I don’t know how long term embolisations are for PAVMs. Mine was a brain embolization and my doc said “resume life as normal” but I can see that extremity and facial embolisations seem rarely permanent. My own personal theory is that in the skull, there are no / few moving parts to disturb the embolism material whereas in an arm or leg or hand or face, there are lots of moving parts. Hence, I don’t know how susceptible a PAVM is to anything like that. As I say, that theory about movement is entirely in my head (not something I’ve read) but it does seem to me that extremity and facial AVMs are ridiculously difficult to fix and fix permanently. PAVMs I don’t know.

Talk to the doc and I hope some PAVMers will also offer their experience.

Very best wishes

Richard

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#4

I was diagnosed with a PAVM in my lower right lung - 3.2 cm in June of 2013 and have several coils and one that is now less a 1 cm. I have never felt better - the best part was being “undiagnosed” with asthma. I do have to go back every year and have a CT; but only if it grows. So now its been every other year!

My lung doctor told me that any time my gums are being cut into to take 2000 mg of Amoxicillin (which my dentist gives me every time). I don’t like how they make me feel; but I would much rather be safe than sorry.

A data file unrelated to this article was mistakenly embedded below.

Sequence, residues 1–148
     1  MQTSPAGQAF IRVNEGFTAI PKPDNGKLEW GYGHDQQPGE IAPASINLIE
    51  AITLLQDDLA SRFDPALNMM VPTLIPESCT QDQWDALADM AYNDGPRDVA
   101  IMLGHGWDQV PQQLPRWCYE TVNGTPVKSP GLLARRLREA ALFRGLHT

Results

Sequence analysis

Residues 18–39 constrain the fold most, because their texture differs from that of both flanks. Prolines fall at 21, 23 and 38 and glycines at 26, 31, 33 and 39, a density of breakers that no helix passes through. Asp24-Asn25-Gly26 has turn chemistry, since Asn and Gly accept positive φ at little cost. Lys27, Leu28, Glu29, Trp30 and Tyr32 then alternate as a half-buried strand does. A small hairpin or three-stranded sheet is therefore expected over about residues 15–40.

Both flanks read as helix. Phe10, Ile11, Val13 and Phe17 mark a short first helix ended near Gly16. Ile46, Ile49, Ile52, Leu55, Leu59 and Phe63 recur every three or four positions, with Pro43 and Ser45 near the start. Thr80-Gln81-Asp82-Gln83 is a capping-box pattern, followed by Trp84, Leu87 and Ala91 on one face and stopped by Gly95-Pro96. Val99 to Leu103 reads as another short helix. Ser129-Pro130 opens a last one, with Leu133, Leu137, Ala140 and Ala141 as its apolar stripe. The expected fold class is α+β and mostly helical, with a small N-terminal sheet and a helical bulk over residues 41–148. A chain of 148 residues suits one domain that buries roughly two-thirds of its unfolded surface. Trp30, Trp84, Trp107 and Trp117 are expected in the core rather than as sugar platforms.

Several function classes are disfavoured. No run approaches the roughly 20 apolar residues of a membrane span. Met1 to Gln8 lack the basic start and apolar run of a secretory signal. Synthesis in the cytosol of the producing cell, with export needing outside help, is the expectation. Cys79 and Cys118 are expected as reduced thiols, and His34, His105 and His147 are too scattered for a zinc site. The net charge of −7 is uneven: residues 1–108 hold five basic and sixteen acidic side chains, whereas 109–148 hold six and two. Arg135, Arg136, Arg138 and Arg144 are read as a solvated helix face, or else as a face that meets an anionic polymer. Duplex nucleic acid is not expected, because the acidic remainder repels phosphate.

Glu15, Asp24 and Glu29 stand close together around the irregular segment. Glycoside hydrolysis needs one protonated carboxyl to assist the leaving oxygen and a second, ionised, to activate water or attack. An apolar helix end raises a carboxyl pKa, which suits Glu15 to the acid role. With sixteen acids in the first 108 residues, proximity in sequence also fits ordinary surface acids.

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#5

I just Wanted to update my experiences. I have A follow-up after the embolization procedure. After many questions that the Physician’s Assistant and the Pulmonary Specialist couldn’t answer they both admitted to only have 1 patient in their whole career with a PAVM! I asked If I should visit an HHT center for more answers (even though I dont have HHT). The doctor said they is a very small center at the UCSD Medical Center and that he knew the specialist there. He said he’d reach iut with my questions & get back to me. He emailed and said that with PAVM’s, even AFTER embolization I must still Always take antibiotics before dental cleanings and other dental procedures because of the dislodging of bacteria that could get in my blood stream and cross the barrier of another unknown PAVM or bypass the coil. I am Also not allowed to scuba dive EVER, due to the gas bubbles in your blood stream upon acension. Skydiving is fine, there are no issues with that. I need to have a bubble test done and another CT scan in 6 months.

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#6

Hey Heather,
I notice a majority of people saying ‘Ask your Dr’ but I’d be recommending you ask you dentist. Having had a fair bit of dental work done prior to neurosurgery and then a lot more done post surgery I have found the pre surgery dental was done without any antibiotic barrier BUT since surgery the dentist won’t do a thing without antibiotics. When I asked why it was explained to me that an oral infection can be present without us knowing and the last thing they want to do is release any such infection throughout the body to infect a surgical site. Now as I say my surgery was neuro and dental is fairly close by so it may just be a case of the dentist playing it safe. But now even when I call to make a dentist appointment the receptionist tells me straight up “You need an antibiotic guard before the appointment”.

Merl from the Moderator Support Team